Let Skyward Take You Higher And Higher With Issue #2

by Richard Bruton

A month ago, Skyward issue #1 hit the stands with a gloriously simple premise: What if gravity suddenly almost disappeared? The resulting comic was a quite wonderful introduction to the brave new world where the sky was either something to embrace and rejoice in, or treat with fear, always expecting to float up to your death.

Joe Henderson and Lee Garbett created an immediate hit, full of joyful positivity thanks to their young star, Willa, a native of the skies, born just before the world-changing G-day. And with issue #2, we’re going further into this strange world turned upside down.

At the end of issue 1 we saw Willa’s dad open up to Willa that he was to blame, but he had a plan…

“This is all my fault.”
“The world isn’t supposed to be this way.”
“The sky kills, Willa. One wrong step means death.”
“The entire world is upside down.”

“Great, Dad! Tell me something I don’t know.”

“I know how to fix it.”

But for all that determination, Willa can see right through her dad. His life was destroyed on G-Day, as he watched his wife float away to die, destined to join the millions of others in a macabre new layer of the Earth’s atmosphere.

And that’s something we get to see in all its hideous detail from Garbett straight off…

Because it would be all too easy to see this world through the eyes of the post G-Day sky natives, the young ones who’ve embraced the new life, love the freedom given to them in this new low-G world. But there’s just as many who live in fear, in grief, terrified of the new dangers they face.

And sadly, Willa’s dad is one of those. For all his talk of being able to fix the world, he’s not been able to leave the house since G-Day, and the inevitable estrangement of Willa from her dad might be yet another reason why she delights in being so free up there in the sky.

Willa’s dad’s backstory becomes the driving force of the tale now, with Willa drawn into it through her desire to do the right thing, to help her dad, and just her general character that sees the best in things. We learn of her dad’s research into gravity, the discovery that there was something wrong with the Earth’s gravitational field, and his friend, maybe his colleague, Roger Barrow.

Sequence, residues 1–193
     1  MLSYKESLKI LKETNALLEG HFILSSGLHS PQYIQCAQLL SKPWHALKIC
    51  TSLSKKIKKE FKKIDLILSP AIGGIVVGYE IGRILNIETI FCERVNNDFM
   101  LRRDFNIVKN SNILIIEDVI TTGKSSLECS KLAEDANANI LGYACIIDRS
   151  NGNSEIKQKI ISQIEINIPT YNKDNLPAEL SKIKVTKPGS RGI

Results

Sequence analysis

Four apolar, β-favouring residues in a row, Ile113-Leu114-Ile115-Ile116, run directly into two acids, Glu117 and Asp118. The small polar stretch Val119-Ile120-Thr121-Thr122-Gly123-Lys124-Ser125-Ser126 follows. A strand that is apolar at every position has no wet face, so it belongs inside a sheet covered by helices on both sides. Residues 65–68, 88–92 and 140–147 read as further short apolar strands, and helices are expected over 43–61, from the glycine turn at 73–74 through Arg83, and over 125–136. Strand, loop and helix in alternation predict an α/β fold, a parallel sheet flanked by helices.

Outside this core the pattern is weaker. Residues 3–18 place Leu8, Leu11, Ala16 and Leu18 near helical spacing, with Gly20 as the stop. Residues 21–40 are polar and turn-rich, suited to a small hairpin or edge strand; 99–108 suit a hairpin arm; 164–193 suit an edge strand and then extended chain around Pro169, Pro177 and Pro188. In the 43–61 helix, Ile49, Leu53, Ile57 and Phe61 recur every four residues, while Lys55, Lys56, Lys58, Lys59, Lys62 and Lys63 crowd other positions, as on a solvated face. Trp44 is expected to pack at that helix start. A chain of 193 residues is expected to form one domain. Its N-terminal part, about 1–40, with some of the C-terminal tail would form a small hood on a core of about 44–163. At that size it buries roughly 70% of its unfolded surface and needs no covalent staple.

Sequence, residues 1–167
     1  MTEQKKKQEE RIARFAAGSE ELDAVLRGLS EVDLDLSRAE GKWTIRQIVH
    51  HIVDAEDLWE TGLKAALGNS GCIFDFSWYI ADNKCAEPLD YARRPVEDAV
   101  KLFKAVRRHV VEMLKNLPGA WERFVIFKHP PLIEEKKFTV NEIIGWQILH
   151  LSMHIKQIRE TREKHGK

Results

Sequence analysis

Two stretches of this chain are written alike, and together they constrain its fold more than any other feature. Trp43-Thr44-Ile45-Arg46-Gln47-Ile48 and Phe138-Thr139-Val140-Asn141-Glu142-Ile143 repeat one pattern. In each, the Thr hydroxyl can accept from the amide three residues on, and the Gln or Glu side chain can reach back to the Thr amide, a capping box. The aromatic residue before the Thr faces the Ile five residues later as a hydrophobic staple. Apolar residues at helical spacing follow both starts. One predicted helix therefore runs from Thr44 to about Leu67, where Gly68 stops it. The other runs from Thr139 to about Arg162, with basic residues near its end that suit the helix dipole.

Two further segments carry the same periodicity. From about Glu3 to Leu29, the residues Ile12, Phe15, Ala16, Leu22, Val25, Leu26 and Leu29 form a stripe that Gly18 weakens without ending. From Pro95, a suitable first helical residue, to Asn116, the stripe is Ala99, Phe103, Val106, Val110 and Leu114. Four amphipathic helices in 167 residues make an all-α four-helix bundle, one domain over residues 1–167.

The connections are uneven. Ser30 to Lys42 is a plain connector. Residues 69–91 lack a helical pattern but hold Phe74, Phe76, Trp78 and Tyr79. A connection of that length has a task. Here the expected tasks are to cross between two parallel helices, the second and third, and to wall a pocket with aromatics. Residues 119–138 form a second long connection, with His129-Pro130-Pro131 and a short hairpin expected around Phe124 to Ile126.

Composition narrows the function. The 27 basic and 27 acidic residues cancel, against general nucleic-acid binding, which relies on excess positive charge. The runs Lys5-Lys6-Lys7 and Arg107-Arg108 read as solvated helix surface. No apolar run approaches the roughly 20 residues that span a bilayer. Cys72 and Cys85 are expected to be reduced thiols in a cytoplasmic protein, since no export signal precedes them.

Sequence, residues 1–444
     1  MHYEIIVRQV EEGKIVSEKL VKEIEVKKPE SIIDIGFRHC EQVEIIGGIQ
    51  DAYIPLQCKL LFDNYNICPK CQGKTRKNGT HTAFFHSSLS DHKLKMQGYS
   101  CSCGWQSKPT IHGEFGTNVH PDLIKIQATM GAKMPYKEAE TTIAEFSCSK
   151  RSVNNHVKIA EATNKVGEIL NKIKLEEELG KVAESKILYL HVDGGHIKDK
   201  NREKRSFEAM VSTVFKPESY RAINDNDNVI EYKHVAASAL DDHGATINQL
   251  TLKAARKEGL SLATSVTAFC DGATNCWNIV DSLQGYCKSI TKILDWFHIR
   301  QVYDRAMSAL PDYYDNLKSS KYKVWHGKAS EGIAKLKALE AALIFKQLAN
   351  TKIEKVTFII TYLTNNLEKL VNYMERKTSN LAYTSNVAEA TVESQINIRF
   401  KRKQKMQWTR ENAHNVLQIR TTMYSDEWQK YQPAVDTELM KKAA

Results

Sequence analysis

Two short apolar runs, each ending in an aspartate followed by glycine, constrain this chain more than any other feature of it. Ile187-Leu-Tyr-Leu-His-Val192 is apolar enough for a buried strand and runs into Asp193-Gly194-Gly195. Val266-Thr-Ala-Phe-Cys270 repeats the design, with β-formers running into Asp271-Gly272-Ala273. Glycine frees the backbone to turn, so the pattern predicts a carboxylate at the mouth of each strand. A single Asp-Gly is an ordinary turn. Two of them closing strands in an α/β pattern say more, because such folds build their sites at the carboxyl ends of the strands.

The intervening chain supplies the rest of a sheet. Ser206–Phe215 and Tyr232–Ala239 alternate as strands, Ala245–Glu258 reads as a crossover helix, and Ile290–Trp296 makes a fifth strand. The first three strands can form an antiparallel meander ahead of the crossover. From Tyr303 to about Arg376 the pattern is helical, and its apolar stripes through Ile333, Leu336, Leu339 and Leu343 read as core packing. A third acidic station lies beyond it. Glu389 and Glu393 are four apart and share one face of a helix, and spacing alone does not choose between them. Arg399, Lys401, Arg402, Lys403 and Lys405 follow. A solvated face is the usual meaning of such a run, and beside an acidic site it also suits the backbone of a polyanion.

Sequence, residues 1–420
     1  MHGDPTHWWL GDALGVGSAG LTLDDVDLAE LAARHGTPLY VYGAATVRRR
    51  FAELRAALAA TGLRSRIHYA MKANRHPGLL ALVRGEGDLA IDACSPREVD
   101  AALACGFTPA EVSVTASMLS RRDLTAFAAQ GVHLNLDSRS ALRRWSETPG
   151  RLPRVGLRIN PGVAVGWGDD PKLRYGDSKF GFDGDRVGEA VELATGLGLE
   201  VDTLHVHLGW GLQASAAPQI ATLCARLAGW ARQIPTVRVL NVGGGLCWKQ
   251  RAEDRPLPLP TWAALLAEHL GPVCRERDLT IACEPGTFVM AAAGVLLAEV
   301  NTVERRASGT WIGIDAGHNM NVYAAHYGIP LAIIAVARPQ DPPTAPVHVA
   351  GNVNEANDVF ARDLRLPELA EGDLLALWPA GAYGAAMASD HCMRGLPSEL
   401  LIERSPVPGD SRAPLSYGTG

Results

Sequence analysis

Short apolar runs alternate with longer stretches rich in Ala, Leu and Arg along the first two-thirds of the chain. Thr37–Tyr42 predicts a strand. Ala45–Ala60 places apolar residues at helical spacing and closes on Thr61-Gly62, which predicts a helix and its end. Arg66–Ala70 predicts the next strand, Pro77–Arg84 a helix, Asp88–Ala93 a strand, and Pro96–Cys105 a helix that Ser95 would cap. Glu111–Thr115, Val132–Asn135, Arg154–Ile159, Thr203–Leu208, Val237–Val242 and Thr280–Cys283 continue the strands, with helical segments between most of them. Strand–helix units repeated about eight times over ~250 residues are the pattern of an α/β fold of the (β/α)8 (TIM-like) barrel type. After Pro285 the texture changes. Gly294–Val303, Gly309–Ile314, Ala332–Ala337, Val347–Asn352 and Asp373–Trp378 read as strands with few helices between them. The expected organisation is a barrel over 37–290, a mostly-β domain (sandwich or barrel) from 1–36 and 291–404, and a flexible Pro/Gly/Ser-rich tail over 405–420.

When G-Day happened and her dad’s life went off the rails, Barrow made the most of things, using his knowledge to gain power and money from what he knew.

Yet, bless her, all Willa can see is a way to help her dad…

And that’s just what she does, heads off to see if she can have a quick chat with Chicago’s most powerful man.

Ah, c’mon, you know just how this one’s going to pan out don’t you? Sure, once she eventually gets face-to-face with him, after a clever and comedic stand-off with his hired goons, he’s all sweetness and light, seemingly so happy to find out his old friend is still alive. But, I don’t think anyone reading this will have any doubts about just what side of things Barrow is going to end up on. And anyway, just because the bad-guy is obvious, it doesn’t spoil any of the fun in Skyward.

To get to Barrow, Willa needs to go down to his level, street-level, where he’s made his fortune equipping those who fear the sky with the means to stay fixed on the ground, desperate to live the lives they used to have before the sky turned deadly. And it’s this descent that’s the real thematic high-point of issue two, just as the exploration of the freedoms of the skies and the freedom of those exploring and embracing them were what issue one had at its core.

That’s the view from the street, and it’s just one side of a double page spread from Garbett that really epitomizes the great things he’s doing here. The shorthand he’s using is what allows Henderson to move the story forward so quickly without having to fill the pages with exposition. The billboards scream out to stay grounded, use the mag-boots, and there you see it, the spark under the shoes, all laid out, the way these street dwellers are keeping the world the way it used to be. Simple artwork, gorgeous to look at, but also packing in the storytelling elements. That’s what really makes Skyward so impressive.

If the first issue was all about the huge idea and the equally huge personality of Willa, this second issue is a more grounded thing, dealing with the world that remains, determinedly, literally, fixed on the ground, down at street level.

Where the first issue had those huge skies for Willa to soar through, this issue is more contained, the street level scenes lacking the brightness and color of what we’ve seen before. And just as that contrast between the optimism of those living with the big sky and the closed-off thinking of those doing their street-level living works beautifully, there’s now a contrast we’re going to explore between the innocent, naivete of Willa and the calculating machinations of Barrow.

That first issue set the scene, blew us away with the idea, the scale, the freshness of it all. And this second issue beds us down into the plot, but there’s no slowing down, no losing the wonder and fun we’ve already seen.

Skyward keeps going higher and higher, even as it descends into the darkness beneath the big, bright, open skies.

Skyward Issue 2 released on May 23rd by Image Comics. Written by Joe Henderson, art by Lee Garbett, colors by Antonio Fabela, letters by Simon Bowland.

And as for next issue… here’s the gorgeous Lee Garbett cover for that one…